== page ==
Arizona students walk out of class to push for gun control
PHOENIX — Students at several Valley high schools walked out of their classrooms Wednesday to mark one month since the mass shooting at Marjory Stoneman Douglas High School in Florida and called for stricter gun laws.
It was part of a national school walkout day to honor the 17 shot to death at the Parkland, Florida school. The walkouts began at 10 a.m. across all time zones.
“We have numerous schools across the Valley who have talked about walking out and giving a 17 minute of silence in honor of the victims of the Parkland shooting,” said Jordan Harbe, a junior at Mountain View High School in Mesa.
The walkouts across the country were organized by EMPOWER, the youth branch of the Women’s March.
According to the group’s website, the walkouts were meant to press lawmakers to pass laws that will help curb gun violence.
Several of the schools participating in the walkouts were in the Deer Valley Unified School District.
In a letter sent to parents, the district said administrators at several of the high schools had worked with students “to develop a plan for a safe and peaceful assembly for students who choose to protest.”
“Our goal in responding to walk-out plans and other forms of peaceful assembly is to keep a focus on teaching and learning,” the district wrote in the letter.
The letter went on to say the district respects students’ rights for free expression and made clear that “disorderly conduct or leaving campus is not acceptable.”
Harb is a co-chair for the Phoenix March for Our Lives student rally, which will be held on March 24. He was also helping organize a day of action at the Arizona State Capitol on Wednesday for students who are on spring break.
“We’ll be meeting with our legislators all day,” he said. “Whether they want to or not, we will be there and we will make sure that they speak with us.”
Arizona teens speak with lawmakers on day of national walkout
At a House session later in the afternoon, several lawmakers recognized student activists sitting in the gallery. They read statements the teens had written about why they are advocating for gun reforms and praised them for their civic engagement.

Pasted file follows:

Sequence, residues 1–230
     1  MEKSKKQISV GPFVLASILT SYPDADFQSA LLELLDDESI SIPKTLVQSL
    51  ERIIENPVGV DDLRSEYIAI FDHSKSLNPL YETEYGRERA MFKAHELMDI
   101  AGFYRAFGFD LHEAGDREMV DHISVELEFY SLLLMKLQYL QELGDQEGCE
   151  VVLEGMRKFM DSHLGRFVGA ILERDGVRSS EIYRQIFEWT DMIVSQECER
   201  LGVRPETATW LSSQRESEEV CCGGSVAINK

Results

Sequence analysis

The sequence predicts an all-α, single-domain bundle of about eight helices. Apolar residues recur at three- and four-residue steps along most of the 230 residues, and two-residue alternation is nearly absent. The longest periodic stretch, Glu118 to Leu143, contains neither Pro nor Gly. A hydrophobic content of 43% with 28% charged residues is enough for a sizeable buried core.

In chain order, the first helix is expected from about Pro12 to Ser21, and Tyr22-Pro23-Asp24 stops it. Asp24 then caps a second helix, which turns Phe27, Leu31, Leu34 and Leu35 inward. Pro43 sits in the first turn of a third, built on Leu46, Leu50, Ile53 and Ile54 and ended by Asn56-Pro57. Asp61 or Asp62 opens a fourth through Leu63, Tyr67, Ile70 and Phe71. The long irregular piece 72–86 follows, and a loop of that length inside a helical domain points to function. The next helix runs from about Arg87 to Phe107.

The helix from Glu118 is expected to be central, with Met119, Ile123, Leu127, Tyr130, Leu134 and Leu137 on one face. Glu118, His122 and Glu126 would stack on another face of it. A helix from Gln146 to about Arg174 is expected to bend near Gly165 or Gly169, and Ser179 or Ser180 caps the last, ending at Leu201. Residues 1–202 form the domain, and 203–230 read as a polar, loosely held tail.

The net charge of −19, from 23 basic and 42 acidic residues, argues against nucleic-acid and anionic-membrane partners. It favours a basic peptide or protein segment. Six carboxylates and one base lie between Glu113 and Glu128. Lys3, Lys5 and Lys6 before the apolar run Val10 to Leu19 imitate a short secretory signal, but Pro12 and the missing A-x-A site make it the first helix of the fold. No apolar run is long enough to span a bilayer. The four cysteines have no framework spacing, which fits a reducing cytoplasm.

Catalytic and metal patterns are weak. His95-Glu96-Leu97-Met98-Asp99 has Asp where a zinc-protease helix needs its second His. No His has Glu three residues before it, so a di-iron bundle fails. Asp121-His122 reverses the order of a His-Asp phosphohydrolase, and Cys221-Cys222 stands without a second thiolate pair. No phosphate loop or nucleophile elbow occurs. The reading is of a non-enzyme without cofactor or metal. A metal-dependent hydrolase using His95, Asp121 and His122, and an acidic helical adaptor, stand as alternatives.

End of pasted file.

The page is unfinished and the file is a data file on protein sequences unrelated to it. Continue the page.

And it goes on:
“We hear you. Your life counts and your safety matters,” said Democratic Rep. Randy Friese, a surgeon who treated victims of a 2011 Tucson shooting that critically wounded former U.S. Rep. Gabby Giffords.
Arizona State Rep. Daniel Hernandez said in a Twitter post he stood “in solidarity with all of the young people walking to demand action on gun violence.”
The Tucson Democrat survived the same shooting that wounded Giffords during a public event seven years ago. He was an internist for the then-congresswoman and rushed to her aid after she was shot in the head.
Arizona Rep. Rusty Bowers was among the state lawmakers who held meetings earlier Wednesday with the students who traveled to the Capitol on their spring break.
Bowers agreed with the young people that controls were needed for bump stocks, said Harb. But he said legislator “is still not understanding of the emotional needs we have.”
Students also hold 17 minute ‘moment of silence,’ day of caring
The students wore white T-shirts painted with gun violence statistics as part of a national action aimed at drawing attention to the shooting of high school students in Parkland, Florida.
With the Phoenix high school district and some others in the area on spring break, 17-minute walkouts were held at a scattering of schools. Tucson High School students sat in front of their school before walking out to call for gun safety.
In Phoenix, one elementary school had planned a “day of caring” to support its older students who were participating in the nationwide walkout.
Principal Mike Duff of the K-8 Madison Traditional Academy said many seventh- and eighth-graders were taking part.
About 400 boys from the Jesuit-run Brophy College Preparatory Academy and some 1,000 girls from Xavier College Preparatory private academy next door held separate outdoor events.
The name of each teen killed in the Florida shooting was called out as the Brophy students stood silently.
Student leader Nik Kirk, a 17-year-old junior, said the event was organized through the school’s Advocacy Club to let the teens make a statement about gun violence.
Kirk told his classmates that they “cannot stand idle as others’ schooling becomes endangered and fatal.” He asked: “Does an AR-15 echo the message of Christ?”
Brophy President Adria Renke said she was proud of the students, adding that fostering advocacy is part of the school’s mission.
At Mountain Ridge High School in suburban Glendale, students walked to the football field where some stood in silence and others chanted “enough is enough.” There also was a protest at Apollo High School in Glendale.
The Associated Press contributed to this report.